To Party in Japan; Know Something About the Culture, First.

Partying in Japan? Know something of the Culture, First.

One time I went to an Izakaiya with my, now, ex-wife and ran into a girl whom I’d socialized with – in that very limited Japanese manner – at a bar I frequented when first in Japan. When I unexpectedly see someone I know, I’m very pleasantly surprised and excited, and I exhibit this. I couldn’t understand why the girl basically pretended to hardly know me. None the less – me being an Australian – I invited her to join us for some food and drinks. These days I understand the reasons why I received the reaction I did from her. There are several of them, and without doubt there is more to the cultural customs and practices than I know.
It goes something this: 1) To join, eat, drink and socialize with someone, the most formal invitation has to be given – and agreed to – with no detail left neglected, and all intentions stated – at a prior point in time – and preferably in writing. 2) When a man and woman are together, the most delicate considerations are afforded them regards their privacy; this is an aspect of the Japanese culture that I truly appreciate. The Japanese work punishingly long hours – at the demand of their companies, and their culture – and this outing may well be the first and only opportunity in months for the two to enjoy an evening out, together. If they have kids, they, likely, have not had an evening such as this, in years, as the inlaws seem not to mind coming over to the the couples’ house, to help out, but expecting them to babysit the kids for an evening – at their house – is, apparently, out of the question; this is an aspect of the Japanese culture that I truly don’t appreciate. 3) There is, additionally, a custom in Japanese culture, which dictates that three polite refusals of an invitation is standard before acceptance will be forthcoming – whether, or not, the receiver of the invitation actually “wants to accept”… Read more…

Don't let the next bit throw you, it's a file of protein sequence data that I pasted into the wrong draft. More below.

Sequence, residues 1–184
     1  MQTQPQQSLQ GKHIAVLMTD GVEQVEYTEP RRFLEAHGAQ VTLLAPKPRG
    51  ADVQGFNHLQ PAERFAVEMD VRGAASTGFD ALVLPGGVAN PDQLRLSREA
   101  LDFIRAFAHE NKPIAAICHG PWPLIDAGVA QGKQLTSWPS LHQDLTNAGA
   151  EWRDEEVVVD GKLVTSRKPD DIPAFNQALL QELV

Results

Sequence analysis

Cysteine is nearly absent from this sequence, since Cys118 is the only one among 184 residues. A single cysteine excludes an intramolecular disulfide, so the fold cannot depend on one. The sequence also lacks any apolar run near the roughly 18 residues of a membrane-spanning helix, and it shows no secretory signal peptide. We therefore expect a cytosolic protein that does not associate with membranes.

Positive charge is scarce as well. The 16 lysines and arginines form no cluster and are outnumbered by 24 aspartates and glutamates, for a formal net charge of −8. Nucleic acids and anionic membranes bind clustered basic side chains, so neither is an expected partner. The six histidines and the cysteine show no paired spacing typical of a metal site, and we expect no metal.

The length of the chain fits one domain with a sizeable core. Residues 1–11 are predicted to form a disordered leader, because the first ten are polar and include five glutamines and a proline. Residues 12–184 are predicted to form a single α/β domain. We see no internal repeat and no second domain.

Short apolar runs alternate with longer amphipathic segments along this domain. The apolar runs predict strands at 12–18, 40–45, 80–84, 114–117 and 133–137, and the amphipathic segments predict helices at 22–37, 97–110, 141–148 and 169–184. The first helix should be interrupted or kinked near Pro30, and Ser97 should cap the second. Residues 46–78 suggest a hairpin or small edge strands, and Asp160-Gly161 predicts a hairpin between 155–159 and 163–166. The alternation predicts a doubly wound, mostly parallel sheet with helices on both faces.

Posted by Elliot Sabino, June 6th, 2017